ISL’s landscape architects have taken to the page in the latest issue of Sitelines to talk about their craft. Sitelines is published by the British Columbia Society of Landscape Architects (BCSLA) six times a year and is distributed to registered landscape architects, landscape architects and interns in the private and public sector, as well as landscape suppliers, educators and other professional associations across Canada.
Andrew Robertson, BCSLA, CSLA, LEED® AP, from ISL Burnaby, and Lori Kieser, MLA, AALA, BCSLA, from ISL Edmonton, both contributed articles to the magazine. Andrew was also the guest editor, and one of Lori’s photographs — “Glacial Fragments at Jökulsárlón, Iceland” — was used as the cover image. The theme of this issue was Frontiers, and both authors bring their unique perspective to this subject matter: Andrew writes about transcending disciplinary boundaries to achieve a holistic design, while Lori writes about blurring the line between being a landscape architect and being an artist.
Andrew recently joined ISL as Landscape Architecture Manager in Burnaby, bringing with him over 12 years of experience in the industry. In his past positions, he has worked on Olympic venue designs in Whistler and Richmond, as well as urban design projects for the University of British Columbia (UBC). He is also a LEED® Accredited Professional with an interest in sustainable design and initiatives. He sat on the Board of Directors for the BCSLA in 2008–10, where he first became involved in the publication of Sitelines.
In his article, Andrew writes about the value in trying to achieve a holistic design vision for multidisciplinary projects, marrying the usually disparate domains of architects, engineers and landscape architects into a unified whole. If this endeavour is to be successfully, it must occur in the earliest stages of the project, allowing the whole team to recognize the long-term benefits of a holistic design. “The benefits of holistic design are not merely aesthetic, but also extend to project cost savings, constructability and performance. In an ever increasing competitive market, with clients demanding more for less and rising environmental construction standards, these are not small considerations.”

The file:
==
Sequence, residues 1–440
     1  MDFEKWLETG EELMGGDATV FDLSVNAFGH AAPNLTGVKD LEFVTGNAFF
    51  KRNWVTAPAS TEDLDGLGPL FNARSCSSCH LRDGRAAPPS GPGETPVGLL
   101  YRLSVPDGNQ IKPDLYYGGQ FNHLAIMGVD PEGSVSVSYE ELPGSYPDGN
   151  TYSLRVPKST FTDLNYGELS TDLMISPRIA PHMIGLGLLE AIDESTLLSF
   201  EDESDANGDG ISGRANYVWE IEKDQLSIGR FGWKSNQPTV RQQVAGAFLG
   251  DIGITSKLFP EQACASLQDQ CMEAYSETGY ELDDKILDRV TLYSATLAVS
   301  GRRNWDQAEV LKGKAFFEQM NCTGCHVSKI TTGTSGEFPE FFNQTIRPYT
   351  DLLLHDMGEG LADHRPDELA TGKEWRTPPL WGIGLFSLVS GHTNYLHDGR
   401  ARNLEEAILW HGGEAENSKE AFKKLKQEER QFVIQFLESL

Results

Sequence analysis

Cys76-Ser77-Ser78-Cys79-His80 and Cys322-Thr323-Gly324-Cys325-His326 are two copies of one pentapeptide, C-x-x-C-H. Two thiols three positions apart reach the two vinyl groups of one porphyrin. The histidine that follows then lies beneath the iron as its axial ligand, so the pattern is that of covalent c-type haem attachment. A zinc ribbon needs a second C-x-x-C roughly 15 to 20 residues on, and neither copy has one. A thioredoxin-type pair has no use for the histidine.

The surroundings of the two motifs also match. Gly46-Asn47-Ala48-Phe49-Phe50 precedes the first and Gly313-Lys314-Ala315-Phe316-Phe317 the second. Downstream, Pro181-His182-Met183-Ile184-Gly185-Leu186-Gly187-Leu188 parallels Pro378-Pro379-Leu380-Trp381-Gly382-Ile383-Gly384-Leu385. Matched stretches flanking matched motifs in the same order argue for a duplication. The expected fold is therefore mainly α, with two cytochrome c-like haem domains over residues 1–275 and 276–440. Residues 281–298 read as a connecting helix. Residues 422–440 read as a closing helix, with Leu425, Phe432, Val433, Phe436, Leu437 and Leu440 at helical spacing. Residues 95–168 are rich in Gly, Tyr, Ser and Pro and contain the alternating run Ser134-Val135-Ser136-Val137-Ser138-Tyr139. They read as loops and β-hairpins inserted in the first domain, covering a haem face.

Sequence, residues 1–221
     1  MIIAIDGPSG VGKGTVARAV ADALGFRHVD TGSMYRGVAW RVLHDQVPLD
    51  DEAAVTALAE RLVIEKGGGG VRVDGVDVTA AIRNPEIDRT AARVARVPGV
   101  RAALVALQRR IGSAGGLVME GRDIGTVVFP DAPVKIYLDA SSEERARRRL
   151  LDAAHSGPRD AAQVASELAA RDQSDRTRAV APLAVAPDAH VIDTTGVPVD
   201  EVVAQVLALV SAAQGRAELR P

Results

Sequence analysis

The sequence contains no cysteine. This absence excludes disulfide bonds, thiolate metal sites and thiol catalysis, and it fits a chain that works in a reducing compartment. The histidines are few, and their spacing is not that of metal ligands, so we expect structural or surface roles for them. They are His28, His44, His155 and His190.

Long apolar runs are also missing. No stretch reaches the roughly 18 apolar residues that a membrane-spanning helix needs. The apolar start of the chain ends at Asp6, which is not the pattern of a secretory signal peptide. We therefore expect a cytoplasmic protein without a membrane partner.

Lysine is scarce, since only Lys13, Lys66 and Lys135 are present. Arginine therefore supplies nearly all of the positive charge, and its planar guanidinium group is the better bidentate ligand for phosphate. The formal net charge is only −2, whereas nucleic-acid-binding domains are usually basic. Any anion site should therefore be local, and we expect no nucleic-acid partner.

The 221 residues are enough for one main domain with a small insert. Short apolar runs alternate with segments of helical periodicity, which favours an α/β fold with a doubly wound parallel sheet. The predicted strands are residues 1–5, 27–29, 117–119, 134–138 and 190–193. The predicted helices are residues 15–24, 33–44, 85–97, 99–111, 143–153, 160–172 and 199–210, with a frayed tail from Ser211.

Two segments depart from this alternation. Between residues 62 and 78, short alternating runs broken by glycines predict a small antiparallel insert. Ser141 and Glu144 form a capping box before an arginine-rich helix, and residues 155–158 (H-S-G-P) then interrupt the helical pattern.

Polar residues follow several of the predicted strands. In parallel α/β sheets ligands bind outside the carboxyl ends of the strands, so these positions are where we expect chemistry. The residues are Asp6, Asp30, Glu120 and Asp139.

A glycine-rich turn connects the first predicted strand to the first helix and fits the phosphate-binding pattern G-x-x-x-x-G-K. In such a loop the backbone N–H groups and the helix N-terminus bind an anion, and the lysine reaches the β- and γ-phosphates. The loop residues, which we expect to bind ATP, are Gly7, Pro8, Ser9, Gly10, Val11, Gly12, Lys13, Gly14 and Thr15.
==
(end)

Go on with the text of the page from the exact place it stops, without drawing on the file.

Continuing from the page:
According to Andrew, landscape architects have the latitude to be the champions of holistic design, in part due to the already-multidisciplinary nature of their work. If an architect’s main concern is the building and an engineer’s duty is to the subsurface sitework, it is the landscape architect’s duty to interface with the other project disciplines and merge the building with its neighbouring context. By engaging a holistic design mantra from the beginning of a project, this work would be able to run throughout the whole building, integrating the new design with the existing (or projected) surroundings at every step of the project. There are, of course, logistical obstacles to achieving holistic design as well as tools to facilitate its onset, all of which Andrew enumerates in his article.
Lori Kieser works as a Landscape Architect in Edmonton. She attended UBC from 2006 to 2009, where she completed the Master of Landscape Architecture (MLA) program. She is also an accomplished artist, having recently spent an entire month in Iceland as part of an artist’s residency program. When her co-workers discovered that she had accepted the residency program, Lori was bombarded with questions about whether she was leaving her career as a landscape architect to become a full-time artist, which prompted her to write this article.
As a result of having to work at the intersection of multiple disciplines, Lori feels that many landscape architects are Renaissance men and women, able to “combine theory, technical expertise and spatial understanding to create places of previously unimagined poetry and utility.” The ability to marry disparate streams of knowledge and inspiration means that Lori, until asked, had never considered art and landscape architecture to be mutually exclusive undertakings: to her, they are two sides of the same coin.
In fact, she values the perspective that her two passions provide her: “Landscape architecture gives me spatial understanding and technical expertise; art allows my imagination to range far beyond apparent project constraints.” Often these project constraints rein in any impractical ideas, but true innovation is borne out of pushing the boundaries, which is something Lori isn’t afraid to do.
Our Landscape Architecture group in BC has recently been bolstered by the addition of strong team members, such as Andrew Robertson in Burnaby. As well, all of our team members benefit from access to additional expertise from our other offices in Western Canada, such as Lori Kieser in Edmonton. Working together, our exceptional staff collaborate across all disciplines on projects of all sizes and complexities to develop innovative, effective solutions that achieve the goals of our valued clients in BC, Alberta and Saskatchewan.